Capital of Switzerland
Bern, or Berne to the French, is the capital of Switzerland. The whole city is crammed into a peninsula extending over the fast-flowing waters of River Aare with hills and wooded areas all around, creating a very charming picture of a city that has undergone barely any changes since its founding over five hundred years ago. In the historic Old Town of the capital of Switzerland, you can still find medieval streets complete with arcades, street fountains, and towers. And in the background, you can see clusters of roofs and the snow-capped peaks of the majestic Alps in the distance.
As the capital of Switzerland, Bern is home to the Swiss Parliament as well as several significant government buildings. Yet, despite its political status, the capital of Switzerland is far from a cold and logical city for professionals. There are many things to see and do in this tiny city of barely 13,000 people.
The Old Town
One of the most immediately charming sights in the most immediately charming city in Switzerland is the UNESCO World Heritage Site, the Old Town. Upon entering the medieval streets of this part of the capital of Switzerland, you will realize how closely married the city is to its distant past. Few cities in the world manage to accomplish this. The Old Town’s street plan and architecture remains essentially unchanged since medieval times.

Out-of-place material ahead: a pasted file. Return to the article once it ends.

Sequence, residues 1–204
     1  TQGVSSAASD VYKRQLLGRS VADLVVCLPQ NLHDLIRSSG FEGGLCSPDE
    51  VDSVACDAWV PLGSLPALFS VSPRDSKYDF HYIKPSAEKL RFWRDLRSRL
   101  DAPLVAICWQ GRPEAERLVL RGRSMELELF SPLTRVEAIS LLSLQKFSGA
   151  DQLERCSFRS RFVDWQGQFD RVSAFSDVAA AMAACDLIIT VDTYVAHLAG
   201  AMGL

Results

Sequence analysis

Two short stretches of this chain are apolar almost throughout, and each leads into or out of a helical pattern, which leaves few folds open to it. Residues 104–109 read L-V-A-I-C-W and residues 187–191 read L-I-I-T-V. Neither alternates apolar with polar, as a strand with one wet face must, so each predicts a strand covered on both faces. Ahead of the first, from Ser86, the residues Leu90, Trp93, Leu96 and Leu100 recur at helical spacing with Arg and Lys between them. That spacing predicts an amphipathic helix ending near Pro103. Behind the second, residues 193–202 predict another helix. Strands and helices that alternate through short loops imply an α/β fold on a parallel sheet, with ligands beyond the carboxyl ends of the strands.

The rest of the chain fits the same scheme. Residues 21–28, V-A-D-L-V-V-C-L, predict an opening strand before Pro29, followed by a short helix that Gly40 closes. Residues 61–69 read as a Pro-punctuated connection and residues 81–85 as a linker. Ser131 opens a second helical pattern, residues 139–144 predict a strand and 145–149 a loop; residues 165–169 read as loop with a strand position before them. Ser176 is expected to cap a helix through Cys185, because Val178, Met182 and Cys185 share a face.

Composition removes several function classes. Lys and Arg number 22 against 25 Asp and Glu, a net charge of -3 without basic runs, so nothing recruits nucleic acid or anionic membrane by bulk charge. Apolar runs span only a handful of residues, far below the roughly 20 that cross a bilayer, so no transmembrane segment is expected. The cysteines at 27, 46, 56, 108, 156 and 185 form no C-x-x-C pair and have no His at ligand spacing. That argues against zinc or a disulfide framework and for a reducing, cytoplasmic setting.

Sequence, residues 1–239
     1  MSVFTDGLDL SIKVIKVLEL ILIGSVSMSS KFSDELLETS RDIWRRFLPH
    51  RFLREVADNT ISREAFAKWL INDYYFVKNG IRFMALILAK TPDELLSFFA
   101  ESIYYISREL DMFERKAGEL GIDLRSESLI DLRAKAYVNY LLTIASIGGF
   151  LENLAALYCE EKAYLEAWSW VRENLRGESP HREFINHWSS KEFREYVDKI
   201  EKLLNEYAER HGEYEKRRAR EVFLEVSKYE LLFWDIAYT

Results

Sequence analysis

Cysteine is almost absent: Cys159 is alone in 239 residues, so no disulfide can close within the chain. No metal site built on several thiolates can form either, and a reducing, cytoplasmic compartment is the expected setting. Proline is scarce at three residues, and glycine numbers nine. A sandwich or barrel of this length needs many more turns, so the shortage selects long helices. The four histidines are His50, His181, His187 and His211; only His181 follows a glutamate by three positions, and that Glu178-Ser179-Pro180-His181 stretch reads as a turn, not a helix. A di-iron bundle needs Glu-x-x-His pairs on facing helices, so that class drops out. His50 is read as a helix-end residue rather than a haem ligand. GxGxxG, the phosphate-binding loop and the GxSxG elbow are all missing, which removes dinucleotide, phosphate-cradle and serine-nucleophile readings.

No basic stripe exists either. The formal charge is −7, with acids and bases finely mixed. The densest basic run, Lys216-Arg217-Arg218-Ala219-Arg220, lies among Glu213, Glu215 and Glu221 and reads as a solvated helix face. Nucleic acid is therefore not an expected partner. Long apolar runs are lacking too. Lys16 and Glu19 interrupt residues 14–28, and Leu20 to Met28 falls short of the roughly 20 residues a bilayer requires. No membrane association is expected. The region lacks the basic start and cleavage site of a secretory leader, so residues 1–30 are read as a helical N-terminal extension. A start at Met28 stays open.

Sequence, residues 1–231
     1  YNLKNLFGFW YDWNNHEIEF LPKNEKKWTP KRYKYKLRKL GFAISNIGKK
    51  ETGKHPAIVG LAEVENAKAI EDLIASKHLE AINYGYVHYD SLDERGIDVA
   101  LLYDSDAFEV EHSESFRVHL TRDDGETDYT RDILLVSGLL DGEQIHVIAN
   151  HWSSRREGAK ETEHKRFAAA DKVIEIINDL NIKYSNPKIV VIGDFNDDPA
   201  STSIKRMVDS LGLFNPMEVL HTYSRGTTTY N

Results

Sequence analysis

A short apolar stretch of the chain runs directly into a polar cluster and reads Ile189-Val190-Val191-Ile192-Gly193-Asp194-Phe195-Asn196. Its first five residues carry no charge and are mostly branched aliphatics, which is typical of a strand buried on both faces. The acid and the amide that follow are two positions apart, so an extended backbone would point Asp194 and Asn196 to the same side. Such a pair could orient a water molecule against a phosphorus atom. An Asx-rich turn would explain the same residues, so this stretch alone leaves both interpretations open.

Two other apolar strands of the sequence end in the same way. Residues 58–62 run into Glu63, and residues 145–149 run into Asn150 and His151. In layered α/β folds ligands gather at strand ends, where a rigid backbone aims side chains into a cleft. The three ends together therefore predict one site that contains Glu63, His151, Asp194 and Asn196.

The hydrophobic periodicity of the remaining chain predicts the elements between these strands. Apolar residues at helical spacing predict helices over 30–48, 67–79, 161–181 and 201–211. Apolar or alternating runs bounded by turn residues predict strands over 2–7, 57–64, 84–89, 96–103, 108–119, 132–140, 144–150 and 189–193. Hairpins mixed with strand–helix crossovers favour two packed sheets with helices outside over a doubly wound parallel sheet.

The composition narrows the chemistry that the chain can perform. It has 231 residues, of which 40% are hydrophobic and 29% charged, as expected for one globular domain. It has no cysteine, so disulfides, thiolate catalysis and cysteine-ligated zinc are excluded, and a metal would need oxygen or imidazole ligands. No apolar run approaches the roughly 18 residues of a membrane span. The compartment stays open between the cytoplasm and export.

Traffic is kept out of this part of Bern, so you can wander unhampered by speeding trams and trucks that are usual sights in the rest of the city. Curiously enough, if you wander under the crowded arcades, you will experience the full-on cosmopolitan vibe of the nation’s capital with modern music blaring from radios and adverts posted everywhere. However, if you step off the sidewalk and away from the crowd, it is not hard at all to imagine yourself back in Bern during the Middle Ages.
Towering over Bern’s Old Town is the Munster, a cathedral of late Gothic architecture. Its feathery spire is considered the highest in the country and its sonorous bells often dominate the capital of Switzerland.
Outside the cathedral itself is the Munsterplaz, a cobbled walkway featuring imposing facades of the Baroque style, as well as other buildings, a chapterhouse and a fountain with a statue of Moses, disabled dating back to 1790.
On the south side of the Kirchenfeldbrucke is a cluster of museums basically surrounding the Helvetiaplatz. The museum, such as the Bernisches Historisches Museum, features a fascinating display of relics that allow you to trace the history of the capital of Switzerland as well as of the country itself. There are many diverse bits and pieces put on display for your perusal with very good information.
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